Driver: Bob Mead
Navigator: Bob King
Weather: Sunny, clear, warm
Events of the Day:
Thursday, July 6 - Today was the day that we all had looked forward to, knowing that we would make the transition from the dry, stark desert to the remarkable mountain vistas crossing into California. We weren't disappointed by the scenery. We were to leave Tonopah, NV, following the route of the 1908 Great Race to the west.
Bob poses with one of Placerville's "El Dorado Roses," Waldith Graham, who was selected for the honorary society in 2005.
As we approached the car this morning, we noticed that the left front tire was flat. We scrambled for the jack, only to realize that the tire was so flat we couldn't get the jack under the A-frame to get the tire up to remove it! A nice gentleman named Frank Braddock was standing nearby and offered to help with a jack from his truck. Jerry got the spare put on in short order, we threw the tools back in the trunk, and we were on our way.
We drove up the street, where Bob King picked up our instructions at today's start point, and we headed out of town.
What a way to start the day! Jerry changes our flat tire.At the conclusion of our speedometer calibration run we determined that our speedometer was gaining about 4 seconds per hour. We made the necessary adjustment. We turned left on US 6 at Coaldale Junction to begin our first timed portion of the day. It was mostly a period of high speed runs, 45 and 50 mph, over long curving ascents. It ended at the agricultural inspection station just as we entered California. We turned right on highway 120 and entered Benton, CA. Benton, CA, is nestled in a lush green valley beneath snowcapped mountains. It's a tiny town but the people were gracious hosts. Bob King asked one of the local residents what Benton is best known for. The fellow scratched his head and finally said, "It's real quiet here." We left Benton, heading west, for our second timed rally. It was more of the same; long, curving climbs and descents through the foothills of the sierras. Some times the curves demanded that we go as slow as 30 mph.
Bob King waits for our daily instructions.
We crossed Sage Hen Summit and descended to the intersection with US 395, where we had a refueling stop. We were advised that the next refueling stop would be in 195 miles. We entered the town of Bridgeport, CA (population 843), to continue our rally. On the third instruction of this section, the navigator inadvertently told the driver to turn right instead of left. He caught himself in time to be able to make a quick reversal but we lost a couple of seconds in the process. In our effort to make a time correction, we missed a speed change instruction and ended up hacking off the car ahead of us. We could only hope that we were close to the correct position. We were on Highway 829 for most of this leg, heading toward Wellington, CA. We passed over Jack Wright Pass and ended this timed portion at the intersection with US 395, not far from the town of Minden, NV, where we would have lunch.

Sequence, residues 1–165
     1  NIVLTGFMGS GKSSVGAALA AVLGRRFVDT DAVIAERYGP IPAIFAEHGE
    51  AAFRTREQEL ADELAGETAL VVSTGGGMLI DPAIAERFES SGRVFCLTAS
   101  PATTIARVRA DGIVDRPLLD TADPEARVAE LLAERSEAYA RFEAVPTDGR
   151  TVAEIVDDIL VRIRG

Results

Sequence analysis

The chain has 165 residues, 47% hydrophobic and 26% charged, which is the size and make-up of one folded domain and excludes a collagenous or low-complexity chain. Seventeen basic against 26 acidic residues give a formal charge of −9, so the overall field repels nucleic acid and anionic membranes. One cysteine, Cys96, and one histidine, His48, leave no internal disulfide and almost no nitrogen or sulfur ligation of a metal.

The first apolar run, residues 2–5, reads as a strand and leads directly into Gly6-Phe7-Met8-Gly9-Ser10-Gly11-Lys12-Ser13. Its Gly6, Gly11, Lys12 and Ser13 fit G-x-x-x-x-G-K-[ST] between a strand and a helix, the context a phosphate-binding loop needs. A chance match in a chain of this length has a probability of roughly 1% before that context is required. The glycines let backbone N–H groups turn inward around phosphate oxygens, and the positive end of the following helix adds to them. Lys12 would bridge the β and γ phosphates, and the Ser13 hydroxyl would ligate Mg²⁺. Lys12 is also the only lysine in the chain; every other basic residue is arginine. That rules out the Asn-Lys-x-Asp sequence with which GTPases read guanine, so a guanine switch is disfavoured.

The residents of Benton, California, came out to greet us.The people of Minden had turned out in force. Among the cars being displayed by the local car club was a 1948 Lincoln Continental convertible belonging to someone named Bill Goldman. Bob Mead pointed out that if the owner wasn't already a member of the Lincoln Zephyr Owners Club that he would be sure to send him information. The local Lions Club hosted our lunch of submarine sandwiches and outstanding homemade apple pie.
We left Minden, getting on the clock at about 3:15 p.m. Things then got exciting. After perhaps about an hour, we were put on a 45 minute, 18 mile, transit. During this transit we somehow missed a sign. As a result, we misseda turn. To add insult to injury, the car ahead of us made the turn but we were sure that he was making a mistake (silly us!). We made a half hour excursion before we realized that the car ahead was right after all. Since we were running on fumes at this point we stopped for fuel and then headed back to the start point where we had missed the turn. At our fueling stop a biker gang was debating just how long it would take us to reach our destination which was several miles and 4,000 feet from the gas station. Bob Mead drove as quickly as he dared and we arrived at the final checkpoint only 13 minutes late.
The folks in Minden, Nevada, fed us lunch.
The Great Race staff was relieved to see us when we finally drove through the finish gate in Placerville, CA,since they had totally lost track of us and feared we had fallen off the face of the earth. The crowd that greeted us there, however, was phenomenal and immediately boosted our spirits. It was a sea of people as far as we could see. There were local residents dressed in period clothing from the Gold Rush days greeting the racers and mingling with the crowd. A special honor was meeting and having a picture taken with the "El Dorado Rose.". She told us that the older women in town were called Roses and the younger ladies were referred to as Rose Buds.
The crowd in Placerville was the best we've seen so far.
After dinner, we had dessert in the hotel restaurant. It was a modest "fried banana" split made with Haagen-Daas ice cream. Enough said.